News & Insights

Georgia Supreme Court Upholds Longstanding Acceptance Doctrine In Negligent Construction Case

In Thomaston Acquisition, LLC v. Piedmont Construction Group, Inc., Georgia’s Supreme Court addressed the scope of the “acceptance doctrine” in negligent construction cases. 2019 WL 2332043 (Ga. 2019). Thomaston Acquisition, LLC (“Thomaston”) was the subsequent purchaser of an apartment complex and, after purchase, it discovered that the roof and HVAC system had been negligently constructed. Thomaston’s purchase contract with the seller included an “as is” clause. Thomaston filed suit against Piedmont Construction Group, Inc. (“Piedmont”), the original contractor who constructed the complex, alleging negligent construction and breach of contract/implied warranty.

The issue in the case is whether Thomaston’s negligent construction claims are barred by the acceptance doctrine since it was not the original purchaser of the complex. Georgia’s acceptance doctrine “shields contractors from liability for injuries to third parties resulting from their work at the moment the work is turned over to and accepted by the owner.” This law is based off of the rationale that, “by accepting completed work, presumably after a reasonably careful inspection to identify any defects, the owner adopts the work as his own, deprives the contractor of all opportunity to rectify his wrong, bears the immediate duty to make the premises safe, and is therefore accountable for future injuries.”

The acceptance doctrine does not bar a third party’s claim for injuries suffered as a result of a defect hidden from reasonable inspection. However, a requirement of the doctrine is that the party bringing suit has privity with the contractor. Piedmont argued that Thomaston does not have privity with it since it was not a party to the contract for the construction of the apartment complex. The Supreme Court of Georgia agreed.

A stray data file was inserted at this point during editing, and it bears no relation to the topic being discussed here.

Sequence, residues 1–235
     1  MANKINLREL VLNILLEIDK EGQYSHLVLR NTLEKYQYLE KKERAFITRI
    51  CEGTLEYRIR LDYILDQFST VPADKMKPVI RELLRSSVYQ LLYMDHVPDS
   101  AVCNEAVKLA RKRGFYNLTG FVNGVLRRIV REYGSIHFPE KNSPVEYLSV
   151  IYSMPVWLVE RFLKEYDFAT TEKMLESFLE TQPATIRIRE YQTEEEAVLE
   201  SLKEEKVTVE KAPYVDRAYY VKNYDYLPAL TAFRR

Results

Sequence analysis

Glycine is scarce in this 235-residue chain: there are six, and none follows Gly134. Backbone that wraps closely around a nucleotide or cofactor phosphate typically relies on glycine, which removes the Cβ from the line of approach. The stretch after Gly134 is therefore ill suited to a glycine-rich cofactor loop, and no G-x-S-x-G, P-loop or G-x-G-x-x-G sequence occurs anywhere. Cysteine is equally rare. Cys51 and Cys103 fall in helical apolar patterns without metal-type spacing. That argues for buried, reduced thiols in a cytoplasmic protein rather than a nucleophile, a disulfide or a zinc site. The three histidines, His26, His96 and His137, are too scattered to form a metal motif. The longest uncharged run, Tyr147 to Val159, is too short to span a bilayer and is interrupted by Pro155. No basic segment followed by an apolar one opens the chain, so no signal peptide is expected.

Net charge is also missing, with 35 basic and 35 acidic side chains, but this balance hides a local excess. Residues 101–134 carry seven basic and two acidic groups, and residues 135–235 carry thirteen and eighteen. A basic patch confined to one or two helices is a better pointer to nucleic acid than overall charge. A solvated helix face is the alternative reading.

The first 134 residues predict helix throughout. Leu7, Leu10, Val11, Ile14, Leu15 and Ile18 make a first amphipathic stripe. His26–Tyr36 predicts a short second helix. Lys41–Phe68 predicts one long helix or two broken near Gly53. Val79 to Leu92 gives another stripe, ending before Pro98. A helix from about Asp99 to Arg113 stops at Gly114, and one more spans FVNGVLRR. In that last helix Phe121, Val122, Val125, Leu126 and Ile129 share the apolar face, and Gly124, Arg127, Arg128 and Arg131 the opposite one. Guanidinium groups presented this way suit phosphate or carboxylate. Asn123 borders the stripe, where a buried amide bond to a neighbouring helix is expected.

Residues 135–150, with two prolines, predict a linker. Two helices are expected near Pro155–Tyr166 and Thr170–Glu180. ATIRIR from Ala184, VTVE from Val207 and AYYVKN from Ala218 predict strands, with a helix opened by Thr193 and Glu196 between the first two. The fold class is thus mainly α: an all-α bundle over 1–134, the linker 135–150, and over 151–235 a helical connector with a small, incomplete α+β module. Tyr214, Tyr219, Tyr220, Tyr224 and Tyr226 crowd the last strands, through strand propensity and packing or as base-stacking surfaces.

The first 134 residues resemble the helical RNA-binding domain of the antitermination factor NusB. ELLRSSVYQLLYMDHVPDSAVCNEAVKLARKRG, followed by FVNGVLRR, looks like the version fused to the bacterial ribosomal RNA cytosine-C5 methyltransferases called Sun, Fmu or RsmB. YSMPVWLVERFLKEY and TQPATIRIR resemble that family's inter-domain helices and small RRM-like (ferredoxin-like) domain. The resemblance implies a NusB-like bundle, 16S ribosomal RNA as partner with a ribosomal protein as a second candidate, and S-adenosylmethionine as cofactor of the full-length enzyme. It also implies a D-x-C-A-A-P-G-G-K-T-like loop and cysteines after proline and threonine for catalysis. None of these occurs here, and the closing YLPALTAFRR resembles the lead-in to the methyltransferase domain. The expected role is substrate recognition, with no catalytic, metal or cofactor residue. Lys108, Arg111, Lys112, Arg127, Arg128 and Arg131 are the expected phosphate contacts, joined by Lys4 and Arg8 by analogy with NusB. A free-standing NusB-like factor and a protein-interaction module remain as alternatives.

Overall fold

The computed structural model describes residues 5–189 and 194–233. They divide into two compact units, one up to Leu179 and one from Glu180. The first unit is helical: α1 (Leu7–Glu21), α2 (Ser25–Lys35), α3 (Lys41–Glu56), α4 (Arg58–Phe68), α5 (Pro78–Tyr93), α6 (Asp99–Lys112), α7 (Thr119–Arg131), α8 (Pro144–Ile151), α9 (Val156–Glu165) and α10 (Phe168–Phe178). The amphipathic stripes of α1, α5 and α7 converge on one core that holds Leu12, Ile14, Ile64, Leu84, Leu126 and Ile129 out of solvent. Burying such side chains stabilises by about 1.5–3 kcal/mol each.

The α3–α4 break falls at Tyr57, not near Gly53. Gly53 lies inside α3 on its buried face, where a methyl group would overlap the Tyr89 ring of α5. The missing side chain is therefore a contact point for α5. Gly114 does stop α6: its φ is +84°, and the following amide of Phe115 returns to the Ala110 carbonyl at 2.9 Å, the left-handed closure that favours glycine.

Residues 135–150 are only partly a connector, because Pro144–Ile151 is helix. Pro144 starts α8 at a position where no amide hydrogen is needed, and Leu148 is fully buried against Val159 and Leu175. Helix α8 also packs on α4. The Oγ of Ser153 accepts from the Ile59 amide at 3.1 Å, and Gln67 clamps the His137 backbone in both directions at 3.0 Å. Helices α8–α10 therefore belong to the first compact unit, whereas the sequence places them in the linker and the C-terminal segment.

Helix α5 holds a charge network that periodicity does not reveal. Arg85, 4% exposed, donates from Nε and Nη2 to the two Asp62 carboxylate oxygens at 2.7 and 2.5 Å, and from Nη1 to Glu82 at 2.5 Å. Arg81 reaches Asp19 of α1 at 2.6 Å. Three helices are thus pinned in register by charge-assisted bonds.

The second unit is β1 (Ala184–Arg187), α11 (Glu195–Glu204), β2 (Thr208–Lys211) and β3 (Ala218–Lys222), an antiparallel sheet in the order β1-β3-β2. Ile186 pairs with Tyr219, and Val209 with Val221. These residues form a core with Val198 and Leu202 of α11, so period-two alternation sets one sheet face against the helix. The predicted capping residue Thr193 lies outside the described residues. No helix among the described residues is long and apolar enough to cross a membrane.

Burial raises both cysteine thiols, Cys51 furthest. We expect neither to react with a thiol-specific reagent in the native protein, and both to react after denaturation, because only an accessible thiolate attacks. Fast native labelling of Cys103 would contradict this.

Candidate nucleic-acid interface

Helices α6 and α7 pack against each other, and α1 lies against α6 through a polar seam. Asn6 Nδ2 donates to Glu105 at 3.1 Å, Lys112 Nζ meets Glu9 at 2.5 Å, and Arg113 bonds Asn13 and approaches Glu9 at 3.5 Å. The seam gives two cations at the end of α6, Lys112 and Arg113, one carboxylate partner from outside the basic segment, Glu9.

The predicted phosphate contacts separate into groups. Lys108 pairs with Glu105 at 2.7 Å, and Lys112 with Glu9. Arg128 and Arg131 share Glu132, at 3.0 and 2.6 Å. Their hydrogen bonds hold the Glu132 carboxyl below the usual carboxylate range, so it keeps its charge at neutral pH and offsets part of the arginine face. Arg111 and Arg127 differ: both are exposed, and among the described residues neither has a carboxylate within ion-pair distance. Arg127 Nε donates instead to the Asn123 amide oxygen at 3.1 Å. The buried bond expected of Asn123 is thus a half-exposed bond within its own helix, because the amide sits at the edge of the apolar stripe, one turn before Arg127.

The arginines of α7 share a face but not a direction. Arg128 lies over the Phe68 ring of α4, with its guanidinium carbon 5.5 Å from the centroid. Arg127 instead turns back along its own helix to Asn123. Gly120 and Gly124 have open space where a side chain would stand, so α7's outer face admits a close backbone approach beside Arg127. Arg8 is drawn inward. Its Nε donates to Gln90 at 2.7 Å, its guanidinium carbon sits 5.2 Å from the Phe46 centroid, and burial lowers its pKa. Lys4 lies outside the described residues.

Other exceptions to the doctrine exist where contractors perform work or repairs that are inherently or intrinsically dangerous, constitute nuisance per se, or are so negligently defective as to be imminently dangerous to third persons. The Court did not apply any of the exceptions to save Thomaston’s claims.

The Court stated that, upon the initial purchaser’s acceptance of the apartment complex, all liability for readily observable defects shifted from Piedmont to the purchaser. At that point, Piedmont had no authority to repair or maintain the complex. Upon the initial owner’s sale to Thomaston, the liability of the original owner did not shift back to Piedmont. Thomaston’s only remedy was to go after the original owner, but it was forbidden from doing so under the “as is” clause. The Court criticized Thomaston for not adequately inspecting the premises prior to purchase and for signing an “as is” provision.

This holding bodes well for contractors in Georgia. It means that, in the majority of cases, contractors will not have indefinite liability for their construction projects. The Court acknowledged that a contractor cannot be held responsible for completed work over which it no longer exercises any control.